|Lesson 3||January 11 - 17|
The Lord of Glory, Not Glorious Words.
Read For This Week's Study: 1 Cor. 1:18-2:16.
Memory Text: "For the Jews require a sign, and the Greeks seek after wisdom: But we preach Christ crucified, unto the Jews a stumblingblock, and unto the Greeks foolishness; But unto them which are called, both Jews and Greeks, Christ the power of God, and the wisdom of God" (1 Corinthians 1:22-24).
Key Thought: To early Christians who were tempted to validate what was common, Paul speaks lasting words. He encourages them to cling to the wisdom of God seen in his crucified Son.
|Sabbath Afternoon||January 10|
CHRIST JESUS HAS BECOME FOR US WISDOM FROM GOD. Abandoned by both his parents, Robert Allen lived with elderly relatives who did not allow him to attend school. Although his Aunt Bevie had only an eighth-grade education, she taught him to read. He sharpened this skill by reading the King James Bible twice through to his blind great-aunt Ida. Thus rooted in the knowledge of God's Word, Robert read widely, gleaning some 2,000 volumes from yard sales. In 1981, at the age of 32, he decided to try education and passed the college placement test with high scores. Within a few years, Robert earned a college degree, graduating summa cum laude. He went on to receive both a Master's and Ph.D. in English--all rooted in the wisdom he found in reading God's Word to a blind aunt.--Chattanooga News-Free Press, Parade, Dec.22, 1991, pp.4-6; True wisdom finds the same source, in God's revelation of Christ; adapted.
PAUL'S APPROACH IN CORINTH (1 Cor. 1:18-2:l6; Acts 17:16-34).
Compare the two approaches Paul used in his ministry in Athens and in Corinth. Acts 17:16-34; 1 Cor. 2:1-5. What do you learn about witnessing from this comparison?
Paul argued for the gospel in synagogue and marketplace before being ushered to Athens' famed Areopagus ("Mars' hill," KJV), the "Royal Porch" in the marketplace. The Areopagus was "the most venerable institution in Athens, going back to legendary times, and, in spite of the curtailment of much of its ancient powers, it retained great prestige, and had special jurisdiction in matters of morals and religion."--F. F. Bruce, "Areopagus," New Bible Dictionary, second ed., p.81. Paul, ever the zealous evangelist, may have been disappointed in the results at Athens. However, at least one member of the aristocratic council, "Dionysius the Areopagite, "became a Christian, plus some others.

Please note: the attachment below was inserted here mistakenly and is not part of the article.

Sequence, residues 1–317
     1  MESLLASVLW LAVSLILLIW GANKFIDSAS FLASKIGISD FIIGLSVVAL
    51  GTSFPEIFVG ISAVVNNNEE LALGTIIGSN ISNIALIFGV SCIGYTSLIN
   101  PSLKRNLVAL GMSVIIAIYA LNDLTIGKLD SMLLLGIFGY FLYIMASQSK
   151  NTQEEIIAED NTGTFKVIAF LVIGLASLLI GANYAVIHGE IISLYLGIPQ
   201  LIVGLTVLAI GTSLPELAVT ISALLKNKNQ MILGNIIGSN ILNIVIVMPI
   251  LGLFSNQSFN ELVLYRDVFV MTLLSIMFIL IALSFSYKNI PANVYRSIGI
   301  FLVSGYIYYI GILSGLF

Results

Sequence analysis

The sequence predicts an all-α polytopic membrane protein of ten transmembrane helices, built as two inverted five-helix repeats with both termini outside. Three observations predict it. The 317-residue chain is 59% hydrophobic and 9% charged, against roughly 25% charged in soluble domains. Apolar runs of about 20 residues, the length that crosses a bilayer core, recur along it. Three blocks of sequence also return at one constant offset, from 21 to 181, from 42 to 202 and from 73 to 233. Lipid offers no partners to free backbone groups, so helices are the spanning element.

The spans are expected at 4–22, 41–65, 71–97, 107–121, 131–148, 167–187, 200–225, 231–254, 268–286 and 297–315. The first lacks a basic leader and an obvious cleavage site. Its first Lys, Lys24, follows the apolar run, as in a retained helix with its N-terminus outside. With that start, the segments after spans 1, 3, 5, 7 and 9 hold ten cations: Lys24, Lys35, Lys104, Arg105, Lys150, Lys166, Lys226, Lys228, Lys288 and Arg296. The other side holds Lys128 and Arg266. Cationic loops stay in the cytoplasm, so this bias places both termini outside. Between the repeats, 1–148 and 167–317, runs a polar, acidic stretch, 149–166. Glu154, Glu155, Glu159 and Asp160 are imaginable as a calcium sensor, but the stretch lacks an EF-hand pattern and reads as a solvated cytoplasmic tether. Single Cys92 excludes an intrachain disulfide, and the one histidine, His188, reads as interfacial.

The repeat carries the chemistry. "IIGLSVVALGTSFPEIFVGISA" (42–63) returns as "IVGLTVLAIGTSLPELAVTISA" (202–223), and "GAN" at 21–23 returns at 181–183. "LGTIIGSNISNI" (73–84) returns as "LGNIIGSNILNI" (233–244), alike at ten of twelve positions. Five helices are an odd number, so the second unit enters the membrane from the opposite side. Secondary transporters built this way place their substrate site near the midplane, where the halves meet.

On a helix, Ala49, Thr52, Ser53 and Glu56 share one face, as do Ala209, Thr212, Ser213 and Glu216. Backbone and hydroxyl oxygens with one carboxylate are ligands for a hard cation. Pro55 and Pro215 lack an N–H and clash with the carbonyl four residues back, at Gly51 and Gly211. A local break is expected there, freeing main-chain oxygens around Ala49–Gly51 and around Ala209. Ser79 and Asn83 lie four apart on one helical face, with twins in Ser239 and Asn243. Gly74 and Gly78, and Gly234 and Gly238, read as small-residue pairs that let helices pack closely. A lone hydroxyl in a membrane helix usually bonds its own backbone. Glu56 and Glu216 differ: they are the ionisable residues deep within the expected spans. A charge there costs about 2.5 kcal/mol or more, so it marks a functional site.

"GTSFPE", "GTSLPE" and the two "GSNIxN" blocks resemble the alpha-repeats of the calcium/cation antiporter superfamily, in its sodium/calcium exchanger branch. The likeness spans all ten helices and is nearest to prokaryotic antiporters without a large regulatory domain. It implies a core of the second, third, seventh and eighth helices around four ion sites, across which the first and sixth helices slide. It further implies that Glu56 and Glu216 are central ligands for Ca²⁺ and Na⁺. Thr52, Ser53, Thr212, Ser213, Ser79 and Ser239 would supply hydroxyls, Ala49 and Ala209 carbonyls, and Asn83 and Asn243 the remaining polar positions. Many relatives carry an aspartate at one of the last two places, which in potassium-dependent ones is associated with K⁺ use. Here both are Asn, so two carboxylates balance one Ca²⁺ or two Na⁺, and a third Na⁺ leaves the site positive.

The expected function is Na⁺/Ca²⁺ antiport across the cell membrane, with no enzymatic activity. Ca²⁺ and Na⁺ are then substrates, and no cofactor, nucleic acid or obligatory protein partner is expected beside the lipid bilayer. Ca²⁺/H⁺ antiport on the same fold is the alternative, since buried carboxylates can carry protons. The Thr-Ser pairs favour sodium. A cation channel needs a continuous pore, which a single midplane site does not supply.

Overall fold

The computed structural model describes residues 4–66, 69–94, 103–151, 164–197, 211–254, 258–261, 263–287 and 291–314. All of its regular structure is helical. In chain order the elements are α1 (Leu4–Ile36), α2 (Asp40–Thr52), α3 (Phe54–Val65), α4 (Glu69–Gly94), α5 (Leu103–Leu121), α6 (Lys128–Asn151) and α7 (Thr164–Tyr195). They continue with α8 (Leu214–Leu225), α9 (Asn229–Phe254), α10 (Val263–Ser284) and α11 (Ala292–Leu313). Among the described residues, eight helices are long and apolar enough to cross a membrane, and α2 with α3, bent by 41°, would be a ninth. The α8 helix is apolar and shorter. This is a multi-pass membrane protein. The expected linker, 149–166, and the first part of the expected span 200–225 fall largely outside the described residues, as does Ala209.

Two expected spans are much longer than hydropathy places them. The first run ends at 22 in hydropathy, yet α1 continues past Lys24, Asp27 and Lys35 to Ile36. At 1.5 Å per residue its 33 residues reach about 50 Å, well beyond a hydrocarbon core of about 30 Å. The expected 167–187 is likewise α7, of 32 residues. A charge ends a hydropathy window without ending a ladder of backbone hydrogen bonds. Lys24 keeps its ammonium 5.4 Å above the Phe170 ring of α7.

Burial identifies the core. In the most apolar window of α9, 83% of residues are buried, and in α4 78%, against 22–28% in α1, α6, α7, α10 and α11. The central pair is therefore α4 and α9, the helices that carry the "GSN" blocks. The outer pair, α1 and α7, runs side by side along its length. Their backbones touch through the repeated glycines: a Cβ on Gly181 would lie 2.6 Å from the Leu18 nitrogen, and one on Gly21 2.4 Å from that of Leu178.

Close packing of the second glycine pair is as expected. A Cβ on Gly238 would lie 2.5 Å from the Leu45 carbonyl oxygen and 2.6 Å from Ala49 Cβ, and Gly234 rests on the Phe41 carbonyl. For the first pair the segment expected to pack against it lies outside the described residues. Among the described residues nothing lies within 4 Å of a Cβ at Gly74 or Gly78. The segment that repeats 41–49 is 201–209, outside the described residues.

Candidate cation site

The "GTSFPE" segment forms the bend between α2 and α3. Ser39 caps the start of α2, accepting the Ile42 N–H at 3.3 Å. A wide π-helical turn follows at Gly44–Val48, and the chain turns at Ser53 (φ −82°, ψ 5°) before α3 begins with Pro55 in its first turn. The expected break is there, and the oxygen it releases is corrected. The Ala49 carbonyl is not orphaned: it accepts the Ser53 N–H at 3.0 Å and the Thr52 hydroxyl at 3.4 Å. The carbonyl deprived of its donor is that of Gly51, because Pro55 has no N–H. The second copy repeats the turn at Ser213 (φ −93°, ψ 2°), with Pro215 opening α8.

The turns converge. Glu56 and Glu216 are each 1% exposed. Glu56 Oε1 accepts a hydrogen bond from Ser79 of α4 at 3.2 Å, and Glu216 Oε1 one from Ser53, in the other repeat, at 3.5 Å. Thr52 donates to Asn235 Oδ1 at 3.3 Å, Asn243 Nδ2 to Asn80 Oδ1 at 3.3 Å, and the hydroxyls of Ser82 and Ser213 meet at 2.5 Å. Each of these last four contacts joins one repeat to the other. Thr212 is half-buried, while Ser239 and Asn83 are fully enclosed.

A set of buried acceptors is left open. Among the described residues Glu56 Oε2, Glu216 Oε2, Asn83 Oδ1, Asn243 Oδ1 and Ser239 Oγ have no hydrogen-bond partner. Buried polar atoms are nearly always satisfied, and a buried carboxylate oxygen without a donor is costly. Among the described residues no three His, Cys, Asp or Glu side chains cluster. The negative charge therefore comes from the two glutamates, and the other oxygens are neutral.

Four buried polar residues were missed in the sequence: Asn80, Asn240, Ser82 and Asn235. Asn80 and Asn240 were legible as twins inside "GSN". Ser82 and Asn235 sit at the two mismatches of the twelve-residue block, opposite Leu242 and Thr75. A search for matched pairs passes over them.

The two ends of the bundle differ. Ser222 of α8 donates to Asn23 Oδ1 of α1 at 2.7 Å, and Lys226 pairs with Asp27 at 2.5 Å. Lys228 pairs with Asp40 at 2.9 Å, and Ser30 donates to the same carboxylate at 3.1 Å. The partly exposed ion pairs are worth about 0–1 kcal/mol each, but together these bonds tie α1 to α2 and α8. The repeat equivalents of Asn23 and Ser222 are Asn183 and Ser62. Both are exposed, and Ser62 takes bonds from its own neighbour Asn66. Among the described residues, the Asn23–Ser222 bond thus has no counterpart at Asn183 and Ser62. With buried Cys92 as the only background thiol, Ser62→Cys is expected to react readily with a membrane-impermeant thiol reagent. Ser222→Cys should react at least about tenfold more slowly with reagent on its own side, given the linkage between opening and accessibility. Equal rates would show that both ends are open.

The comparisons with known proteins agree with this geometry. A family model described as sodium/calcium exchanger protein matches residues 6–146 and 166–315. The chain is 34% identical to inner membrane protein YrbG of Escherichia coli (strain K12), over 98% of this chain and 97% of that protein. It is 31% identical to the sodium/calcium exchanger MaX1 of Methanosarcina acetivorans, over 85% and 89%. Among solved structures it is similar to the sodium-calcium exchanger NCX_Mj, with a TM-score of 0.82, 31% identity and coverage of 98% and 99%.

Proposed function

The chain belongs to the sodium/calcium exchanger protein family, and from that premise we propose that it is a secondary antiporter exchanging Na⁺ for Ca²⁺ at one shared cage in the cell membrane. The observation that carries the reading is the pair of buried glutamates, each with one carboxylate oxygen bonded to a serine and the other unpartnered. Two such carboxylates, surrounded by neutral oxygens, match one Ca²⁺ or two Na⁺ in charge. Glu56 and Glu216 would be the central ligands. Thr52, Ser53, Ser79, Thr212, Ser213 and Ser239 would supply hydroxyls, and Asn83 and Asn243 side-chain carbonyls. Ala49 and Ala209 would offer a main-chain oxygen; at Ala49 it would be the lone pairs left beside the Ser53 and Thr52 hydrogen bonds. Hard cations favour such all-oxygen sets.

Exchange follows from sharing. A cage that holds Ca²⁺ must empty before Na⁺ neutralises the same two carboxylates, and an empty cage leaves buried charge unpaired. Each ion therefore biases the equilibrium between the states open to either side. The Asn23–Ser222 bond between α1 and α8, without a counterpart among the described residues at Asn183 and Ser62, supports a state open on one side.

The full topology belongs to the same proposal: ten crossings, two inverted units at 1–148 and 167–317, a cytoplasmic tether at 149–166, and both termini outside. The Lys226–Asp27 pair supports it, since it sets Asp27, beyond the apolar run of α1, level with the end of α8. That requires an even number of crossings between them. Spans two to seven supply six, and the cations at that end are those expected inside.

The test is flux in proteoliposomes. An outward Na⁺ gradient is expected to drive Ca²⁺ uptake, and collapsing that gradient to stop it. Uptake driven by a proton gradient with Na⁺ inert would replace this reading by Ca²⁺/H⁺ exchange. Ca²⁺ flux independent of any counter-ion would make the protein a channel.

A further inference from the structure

Paul, as he moved on to Corinth, was convicted by the realities he faced there and felt an urgent need for his message to represent a revelation from God. He could not be satisfied with any humanly crafted message. Nor could he risk sharing words that depended more on one's speaking ability than on divine power.
Read through the entire segment for this week's lesson, 1 Corinthians 1:18-2:16. Then try to develop an outline. The following suggestion is to help you develop your own outline:
1. Main Idea (1:18-25) _____________________________________________________
2. Support for the Main Idea (1:26-2:5) ________________________________________
A. (1:26-31) _______________________________________
B. (2:1-5) _________________________________________
3. What the Main Idea Means for Christians (2:6-16) _____________________________________
How would you explain the gospel Story to someone from another religious or secular background? What approaches could you use? What role would culture and generation play in such approaches?
THE WISDOM OF THE WORLD (1 Cor. 1:18-25).
Read the selection for today's lesson, 1 Corinthians 1:18-25, in light of 1 Corinthians 1:10-17. Explain how the two sections are related.
At the heart of the partisan spirit in Corinth seems to have been a craving for"wisdom," an appetite borrowed from the wider culture. One ancient author comments on the Corinthians' love for oratory "even amongst women and children." The phrase Corinthian words was used to describe well-crafted speech. Christians, maintaining such a fascination, identified with this teacher or that, over against others who, in fact, had been provided by God for their benefit, as well.